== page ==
Traditional Capirotada with Mango and Plantains

Traditional Capirotada with Mango and Plantains

Capirotada con Mango y Plátano Macho
10 to 12 servings
Pati Jinich
Course: Breakfast, Dessert
Cuisine: Mexican
Keyword: baguette, banana, bolillo, bread, brown sugar, canela, capirotada, ceylon, cinnamon, cloves, cotija cheese, mango, pati’s mexican table, Peanuts, piloncillo, Plantains, raisins, star anise, telera
Author:Pati Jinich
Prep Time: 15 minutes
Cook Time: 1 hour 5 minutes
Total Time: 1 hour 20 minutes
Traditional Capirotada with Mango and Plantains recipe from Pati’s Mexican Table Season 8, Episode 7 “Jinetes, Adventure in the Mountains”

Ingredients

  • 6 tablespoons unsalted butter, divided
  • 5 to 6 bolillos, teleras or Portuguese buns, or 1 large baguette cut into 1-inch slices
  • 1 pound piloncillo, grated, or substitute for 2 cups packed dark brown sugar
  • 1 stick canela, ceylon or true cinnamon
  • 1 whole star anise
  • 3 whole cloves
  • 1/4 cup raisins
  • 2 quarts (or 8 cups) water
  • 1 tablespoon vegetable oil
  • 3 ripe plantains, peeled and cut into 1/2-inch diagonal slices (about 3 cups)
  • 1 to 2 large ripe mangoes, peeled and sliced (about 2 cups)
  • 1 cup finely crumbled or grated queso Cotija
  • 2/3 cups roasted peanuts
  • Confectioners’ sugar, for serving

To Prepare

  • Place racks on upper and lower thirds of the oven and preheat to 350°F.
  • Melt 4 tablespoons of the butter in a small pan. Brush the surface of two large baking sheets with some of the melted butter and place the bread slices onto the buttered baking sheets in a single layer. Use the remaining butter to brush on top of the bread slices. Bake for 20 minutes until golden brown on the bottom and remove from the oven.
  • In a medium saucepan, place the piloncillo, cinnamon, star anise, cloves, and raisins, cover with the 8 cups of water, and set over medium-high heat. Once it comes to a simmer, stir occasionally, and let simmer for 30 minutes or until reduced by half. Turn off the heat. With a slotted spoon, remove the cinnamon stick, star anise, and, cloves and discard. Set the piloncillo syrup aside.
  • Add 1 tablespoon butter and 1 tablespoon oil to a large saute pan set over medium-high heat. Once the pan is hot, cook the plantain slices in a couple batches for about a minute per side, or until golden brown on both sides. Place the browned plantains on a paper towel covered plate and set aside.
  • Use the remaining tablespoon of butter to grease a 9×13-inch baking dish. Add a third of the bread to make the first layer covering the bottom of the baking dish. Distribute all around half of the plantains, half of the mango, half of the Cotija, and half of the peanuts. Pour on about a third of the piloncillo syrup. Start another layer, adding a third of the bread and the remaining half of the plantains, mango, Cotija, and peanuts. Pour another third of the syrup, trying to get all of the raisins in. Finally, cover with the remaining third of the bread and pour the rest of the syrup on top. Cover with aluminum foil.
  • Set oven rack in the middle of the oven. Bake the capirotada for 25 minutes, then remove it from the oven, carefully uncover, and press down with a spatula so it all bakes in the syrup. Cover again with aluminum foil and return to the oven. After another 25 minutes, carefully remove the foil, and bake for about 10 minutes more so the top browns. Cool slightly before serving and sprinkle with confectioners’ sugar.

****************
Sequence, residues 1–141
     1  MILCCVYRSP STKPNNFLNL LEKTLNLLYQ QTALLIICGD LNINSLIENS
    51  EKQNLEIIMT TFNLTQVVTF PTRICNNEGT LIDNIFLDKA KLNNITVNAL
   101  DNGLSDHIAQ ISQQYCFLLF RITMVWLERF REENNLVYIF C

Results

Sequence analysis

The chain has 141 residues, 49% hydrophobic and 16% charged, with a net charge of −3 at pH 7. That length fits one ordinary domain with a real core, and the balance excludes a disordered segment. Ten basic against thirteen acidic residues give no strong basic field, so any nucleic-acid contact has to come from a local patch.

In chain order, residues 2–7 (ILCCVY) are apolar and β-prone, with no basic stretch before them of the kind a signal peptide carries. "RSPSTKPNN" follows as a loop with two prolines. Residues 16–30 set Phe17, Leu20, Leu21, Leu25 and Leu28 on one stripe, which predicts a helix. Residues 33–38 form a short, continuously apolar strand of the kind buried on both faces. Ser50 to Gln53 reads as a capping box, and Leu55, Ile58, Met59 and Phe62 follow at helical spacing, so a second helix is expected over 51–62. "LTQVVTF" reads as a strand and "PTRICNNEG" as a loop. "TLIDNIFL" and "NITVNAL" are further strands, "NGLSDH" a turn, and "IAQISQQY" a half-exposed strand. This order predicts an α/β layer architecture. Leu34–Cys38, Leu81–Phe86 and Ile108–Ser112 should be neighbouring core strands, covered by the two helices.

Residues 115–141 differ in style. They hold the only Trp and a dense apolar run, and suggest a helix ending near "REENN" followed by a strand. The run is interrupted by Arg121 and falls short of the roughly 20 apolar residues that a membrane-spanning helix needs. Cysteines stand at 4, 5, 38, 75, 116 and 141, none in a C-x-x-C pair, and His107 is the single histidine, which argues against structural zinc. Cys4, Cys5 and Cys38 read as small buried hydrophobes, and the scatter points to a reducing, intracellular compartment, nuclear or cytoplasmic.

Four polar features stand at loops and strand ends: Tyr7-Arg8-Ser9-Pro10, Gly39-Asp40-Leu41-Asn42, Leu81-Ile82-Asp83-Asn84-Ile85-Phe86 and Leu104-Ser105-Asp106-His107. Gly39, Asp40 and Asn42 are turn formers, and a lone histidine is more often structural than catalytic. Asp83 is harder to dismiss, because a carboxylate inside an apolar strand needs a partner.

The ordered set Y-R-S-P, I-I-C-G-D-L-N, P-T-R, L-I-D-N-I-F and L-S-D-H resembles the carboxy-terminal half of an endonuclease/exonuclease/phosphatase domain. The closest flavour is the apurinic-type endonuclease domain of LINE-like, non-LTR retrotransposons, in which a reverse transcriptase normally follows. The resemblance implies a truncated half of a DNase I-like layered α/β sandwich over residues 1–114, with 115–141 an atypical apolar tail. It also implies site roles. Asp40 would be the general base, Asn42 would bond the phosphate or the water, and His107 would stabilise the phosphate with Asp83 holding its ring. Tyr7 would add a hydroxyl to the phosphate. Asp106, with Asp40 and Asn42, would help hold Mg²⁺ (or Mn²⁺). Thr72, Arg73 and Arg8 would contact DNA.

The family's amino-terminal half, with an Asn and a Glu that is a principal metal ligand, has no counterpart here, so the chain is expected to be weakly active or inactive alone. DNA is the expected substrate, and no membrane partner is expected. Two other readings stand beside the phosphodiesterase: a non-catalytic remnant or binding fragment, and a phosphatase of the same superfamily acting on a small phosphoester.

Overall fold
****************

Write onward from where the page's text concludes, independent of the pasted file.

6 comments on “Traditional Capirotada with Mango and Plantains

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  1. Hi Pati, thank you for all your delicious and traditional recipes! I enjoy watching your show and learning how Mexico is so diverse in flavors and traditions. And your travels through Mexico give viewers like myself an insight of how beautiful Mexico is! Thank you Pati! I look forward trying your version of Capirotada! My husband’s mother gave us her recipe of Capirotada, can you believe that she uses a Mexican green onion in the syrup and garbanzo beans in the evaporated milk mixture (giving it kind of a coffee flavor). Thanks again for a fantastic show, you do a spectacular job (I most definitely prefer watching your show over the Food network).

  2. Hi Pati, thank you so much for the capirotada recipe. I am going to try it,I grew up having capirotada only during lent season. And my mother’s recipe was as different as nite and day compared to yours. She made it with using a mixture milk, alcol de cana (cane), cinnamon,peanuts, raisin, and dried prunes. She would layer the bread after soaking it in this milk mixture, then she would layer a vanilla pudding before the next layer. This vanilla pudding was made from scratch very different right. I am shurely going to try your recipe. My mother said that each region of Mexico has it’s own
    version of capirotada, anyway I just wanted to share this with you. And as a proud mexicana to my core I love your show. You shed a positive light on our fellow mexicans and culture in a time when we are looked down on. I am very proud of you, thank you for that and God bless you and your family.

    1. There are so many ways to make capirotada…and your mom’s recipe sounds great! And thank you for the kind words, Helen. 🧡

  3. Hola Pati!
    This recipe was a big hit on this Thanksgiving Day! I loved everything about this dish. I used bananas and pecans and served it with vanilla ice cream on the side. Happy Thanksgiving to you and your family!